With all of the stresses of dealing with dysfunctional EHRs, increased regulations and administrative tasks, practicing medicine has become disillusioning for many physicians and providers. Many have sought creative ways to reenergize, or to reignite their passion for medicine.
Participate in interests outside of medicine
“For me, finding things to do that make me happy outside of medicine helps reinvigorate me. For the last 16 years, I have been playing hockey with a group of physicians and others from our community on Sunday nights. I spend half the week getting ready and excited for the game, and the next half of the week reliving the highlights—and most often—incredible failures of my hour and a half on the ice,” says Don Dextor, MD the Wisconsin Medical Societies Chief Medical Officer.
There are other strategies and techniques employed by physicians and providers to maintain a positive attitude and to keep satisfaction and joy in practice.
Engage in volunteer work
“One way to break free of the frustrating aspects of practicing medicine is to volunteer your medical services, “ says Kate Fincham, director of program support for Health Volunteers Overseas (HVO).
“The most common comment made in our trip reports is ‘ this trip reminded me of why I went into medicine in the first place’,’” says Fincham. “That’s because they’re doing medicine. They’re not doing insurance. They’re not given only 10 minutes with a patient and told they’re not allowed to take any longer than that. It does give them personal and professional fulfillment.”
Talk to peers
It’s important to be able to talk with peers about the challenges you are facing. That connection can help to normalize your feelings and reactions, move on from frustrations that may be plaguing you and can expose you to other perspectives which may be useful to you.
In October 2000 Jennifer Bush from Family Practice Management, the online magazine of AAFP, interviewed William Zeckhausen, DMin, a pastoral counselor and facilitator of physician support groups in New Hampshire.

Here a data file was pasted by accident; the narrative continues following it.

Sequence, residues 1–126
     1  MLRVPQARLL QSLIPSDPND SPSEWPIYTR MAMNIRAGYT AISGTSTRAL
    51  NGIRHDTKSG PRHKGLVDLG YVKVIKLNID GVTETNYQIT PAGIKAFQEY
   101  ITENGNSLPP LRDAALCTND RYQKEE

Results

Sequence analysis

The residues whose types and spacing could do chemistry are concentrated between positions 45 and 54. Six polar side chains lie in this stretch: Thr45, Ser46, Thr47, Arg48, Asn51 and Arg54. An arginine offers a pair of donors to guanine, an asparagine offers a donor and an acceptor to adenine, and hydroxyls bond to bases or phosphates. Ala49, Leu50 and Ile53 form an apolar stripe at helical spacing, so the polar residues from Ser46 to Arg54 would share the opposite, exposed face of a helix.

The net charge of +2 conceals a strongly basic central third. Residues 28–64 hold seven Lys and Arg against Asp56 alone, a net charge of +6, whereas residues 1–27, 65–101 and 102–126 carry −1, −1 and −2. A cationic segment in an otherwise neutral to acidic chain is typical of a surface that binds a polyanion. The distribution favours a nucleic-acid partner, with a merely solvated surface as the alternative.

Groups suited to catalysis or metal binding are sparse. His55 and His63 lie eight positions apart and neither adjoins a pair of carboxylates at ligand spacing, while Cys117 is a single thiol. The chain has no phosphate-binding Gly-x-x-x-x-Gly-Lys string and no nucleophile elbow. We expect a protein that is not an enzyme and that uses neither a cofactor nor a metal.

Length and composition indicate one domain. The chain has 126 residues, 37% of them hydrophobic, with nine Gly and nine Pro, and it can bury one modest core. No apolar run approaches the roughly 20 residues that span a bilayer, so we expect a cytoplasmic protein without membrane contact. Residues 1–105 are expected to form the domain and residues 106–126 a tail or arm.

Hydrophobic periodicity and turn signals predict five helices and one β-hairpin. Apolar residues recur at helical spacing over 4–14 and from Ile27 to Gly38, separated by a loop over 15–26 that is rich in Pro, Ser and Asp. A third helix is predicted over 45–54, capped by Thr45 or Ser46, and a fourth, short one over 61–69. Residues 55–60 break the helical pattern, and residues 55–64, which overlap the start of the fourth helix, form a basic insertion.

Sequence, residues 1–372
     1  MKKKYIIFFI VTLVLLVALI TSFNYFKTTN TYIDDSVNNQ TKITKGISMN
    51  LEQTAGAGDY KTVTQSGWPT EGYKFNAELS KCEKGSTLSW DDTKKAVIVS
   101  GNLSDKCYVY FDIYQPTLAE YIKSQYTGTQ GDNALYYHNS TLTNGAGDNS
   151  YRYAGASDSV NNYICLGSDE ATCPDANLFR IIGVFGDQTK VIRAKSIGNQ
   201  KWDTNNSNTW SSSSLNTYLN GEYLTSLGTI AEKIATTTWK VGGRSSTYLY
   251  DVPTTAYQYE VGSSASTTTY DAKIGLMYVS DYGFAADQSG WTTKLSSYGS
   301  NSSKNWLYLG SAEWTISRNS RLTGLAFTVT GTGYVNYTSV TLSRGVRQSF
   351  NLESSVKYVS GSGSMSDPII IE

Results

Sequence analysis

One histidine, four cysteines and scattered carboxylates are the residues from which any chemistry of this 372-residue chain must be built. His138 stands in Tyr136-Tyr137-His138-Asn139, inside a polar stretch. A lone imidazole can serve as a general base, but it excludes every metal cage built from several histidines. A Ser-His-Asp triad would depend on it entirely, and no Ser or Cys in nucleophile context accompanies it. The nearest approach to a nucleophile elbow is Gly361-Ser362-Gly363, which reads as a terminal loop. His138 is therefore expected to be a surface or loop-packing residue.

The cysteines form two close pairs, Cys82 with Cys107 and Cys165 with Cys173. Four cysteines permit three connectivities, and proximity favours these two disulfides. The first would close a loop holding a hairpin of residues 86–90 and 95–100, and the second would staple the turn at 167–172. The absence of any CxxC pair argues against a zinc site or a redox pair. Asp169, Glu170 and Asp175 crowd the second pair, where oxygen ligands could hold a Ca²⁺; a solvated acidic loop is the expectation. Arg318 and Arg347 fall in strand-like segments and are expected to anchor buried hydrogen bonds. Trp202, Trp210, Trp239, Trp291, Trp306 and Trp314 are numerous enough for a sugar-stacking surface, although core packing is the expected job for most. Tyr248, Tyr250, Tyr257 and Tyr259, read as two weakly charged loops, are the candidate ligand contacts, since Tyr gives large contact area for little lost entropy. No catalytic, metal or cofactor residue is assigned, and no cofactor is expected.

In the interview Dr. Zeckhausen stated, “Physicians attend (groups) not because they’re impaired and trying to resolve some pathology, but rather because they see the group as a personal and professional resource to help their functioning as physicians and as people.”
He acknowledged finding such a group may be a challenge, and as a solution he suggests physicians and providers look for four to eight peers who would be interested in meeting regularly.
Find your own solution
In an article in Medical Economics consultant Jack Valancy from Cleveland Heights Ohio offers advice on finding a personal solution for increasing joy in medicine. Valancy recommends starting by imagining you have had a great day at work. “Identify what made the day great,” he says. “Was it the presence of interesting or challenging cases? Appreciative patients? Working alongside good colleagues? A day that flowed smoothly? Now recall a terrible day at work. What made it terrible? Routine or boring cases? Hostile or otherwise difficult patients? Conflicts with coworkers? Severe time pressure?”
Next, think about what you can do to increase the positive elements and reduce—or eliminate—the negative elements. “If you’re unhappy with your patient panel, what can you do to cultivate the types of cases you enjoy?” Valancy says. “You might trade assignments with a colleague, or reach out to community groups in an effort to attract more interesting clinical cases.”
Work is being done at all levels to address physician and provider burnout and disillusionment. Professional groups, healthcare organizations, universities, researchers and more are investing time and resources to look for macro solutions to mitigating stress and burnout and increasing joy in medicine. One example is the study, In Search of Joy in Practice: A Report of 23 High-Functioning Primary Care Practice. A key finding for them was the importance of sharing the workload with other members of the care team and the use of scribes to assist with charting. When the workload was more manageable, reports of job satisfaction and actual joy were higher.
We can help.
VITAL WorkLife can also help. As part of your benefit through VITAL WorkLife, you have unlimited telephone consultations with consultants who can provide guidance in discovering how to restore joy in you medical practice. If you would like more focused work in this area, Peer Coaching is great way to address it. To speak with a consultant or a Peer Coach give us a call at 877.731.3949. We’re available anytime, day or night.
Call VITAL WorkLife at 877.731.3949 any time, day or night, for the support you and your family need.